Serbian Students Launch 24-Hour Traffic Blockade in Election Protest

BELGRADE, Serbia — A group of university students Friday launched a 24-hour blockade of a main street in Serbia’s capital during New Year’s holiday rush as protests continued in the troubled Balkan country after reports of irregularities that marred a recent election. 

The students set up small tents, tables and chairs, brought food and blankets and played loud music at their makeshift camp near the government headquarters in Belgrade, saying they will stay put until the start of another opposition gathering planned for Saturday. 

The student actions triggered a huge traffic gridlock in the capital Friday. 

The Saturday rally is expected to draw thousands of people as political tensions are running high over the December 17 ballot and subsequent incidents and arrests of opposition supporters at a protest last weekend.  

Populist President Aleksander Vucic has accused the opposition of inciting violence with an aim to overthrow the government under instructions from abroad, which opposition leaders have denied. 

Vucic’s ruling Serbian Progressive Party has been declared the winner of the parliamentary and local elections, but the main opposition alliance, Serbia Against Violence, has alleged that fraud took place, particularly in Belgrade.  

“I am here to fight for democracy in this country, for repeating the elections in fair conditions,” student Aleta Cacic said at Friday’s protest. 

Opposition protests daily

Serbia Against Violence has been leading daily protests in Serbia since the vote as some politicians launched hunger strikes. The populists have said the vote was fair and rejected criticism, including from international observers who noted multiple irregularities in their preliminary findings published a day after the ballot.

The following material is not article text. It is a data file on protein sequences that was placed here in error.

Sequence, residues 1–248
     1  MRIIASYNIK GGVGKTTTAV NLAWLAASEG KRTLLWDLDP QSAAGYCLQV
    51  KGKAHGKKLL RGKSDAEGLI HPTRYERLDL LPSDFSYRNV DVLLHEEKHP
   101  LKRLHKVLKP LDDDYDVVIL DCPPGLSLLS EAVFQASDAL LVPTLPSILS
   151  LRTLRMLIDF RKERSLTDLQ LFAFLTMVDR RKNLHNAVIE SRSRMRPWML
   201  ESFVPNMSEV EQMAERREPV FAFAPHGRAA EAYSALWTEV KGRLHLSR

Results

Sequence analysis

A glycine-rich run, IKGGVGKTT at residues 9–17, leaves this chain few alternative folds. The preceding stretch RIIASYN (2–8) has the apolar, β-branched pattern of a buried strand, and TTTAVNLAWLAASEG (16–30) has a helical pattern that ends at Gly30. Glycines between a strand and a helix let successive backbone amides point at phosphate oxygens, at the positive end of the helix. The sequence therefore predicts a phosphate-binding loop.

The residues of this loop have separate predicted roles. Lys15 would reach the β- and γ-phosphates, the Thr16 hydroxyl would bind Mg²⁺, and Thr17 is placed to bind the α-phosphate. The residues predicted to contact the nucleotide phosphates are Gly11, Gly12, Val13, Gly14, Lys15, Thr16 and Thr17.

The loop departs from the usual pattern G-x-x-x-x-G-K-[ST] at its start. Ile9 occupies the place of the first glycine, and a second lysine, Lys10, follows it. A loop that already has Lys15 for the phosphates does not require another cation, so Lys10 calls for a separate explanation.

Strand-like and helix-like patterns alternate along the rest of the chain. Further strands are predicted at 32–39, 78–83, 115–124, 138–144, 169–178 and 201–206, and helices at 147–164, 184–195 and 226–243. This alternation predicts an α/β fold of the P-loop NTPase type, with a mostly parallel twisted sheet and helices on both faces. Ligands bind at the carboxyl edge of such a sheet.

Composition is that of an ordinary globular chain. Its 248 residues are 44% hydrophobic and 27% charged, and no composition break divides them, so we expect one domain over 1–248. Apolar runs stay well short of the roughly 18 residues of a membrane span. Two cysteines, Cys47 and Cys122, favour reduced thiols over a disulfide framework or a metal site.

Tensions soared Sunday evening, when protesters tried to enter Belgrade city hall, breaking windows before riot police pushed them back using tear gas, pepper spray and batons. Police detained at least 38 people, mostly students, many of whom were later slapped with a 30-day detention. 

Opposition leader Dragan Djilas denied allegations Friday leveled by pro-government tabloids that the opposition was planning incidents at the rally planned for Saturday. 

“No one is planning any violence,” he said. “We will not accept stolen elections and we will fight with all democratic methods.” 

Watchdogs report vote-buying

The opposition has urged an international probe of the vote after representatives of several international rights watchdogs observing the elections reported multiple irregularities, including cases of vote-buying and ballot box stuffing.  

They also noted unjust conditions for opposition candidates because of alleged mainstream media bias, abuse of public resources by the ruling party. They say Vucic dominated the ruling party’s campaign and media time allocated for candidates, even though he was not running himself.  

Serbia is formally seeking membership in the European Union, but the Balkan nation has maintained close ties with Moscow and has refused to join Western sanctions imposed on Russia over the invasion of Ukraine. 

Russia supports crackdown on protesters

Russian officials have extended full support to Vucic in the crackdown against the protesters and backed his claims that the vote was free and fair.  

Russia’s Ambassador Alexander Botsan-Kharchenko has said that the protest Saturday and other planned opposition actions over the holidays represent “a very dangerous period” for “return of the violence” but added that Serbia’s authorities have full control of the situation. 

The Moscow ties came into focus this week when Serbian Prime Minister Ana Brnabic thanked Russia’s security services for allegedly tipping off Serbia that violence was in the works. 

Both Serbian and Russian officials have alleged a Western-backed ploy to stir political instability in Serbia like the 2014 pro-Western protests in Ukraine that resulted in the ouster of a pro-Russia leadership there. 

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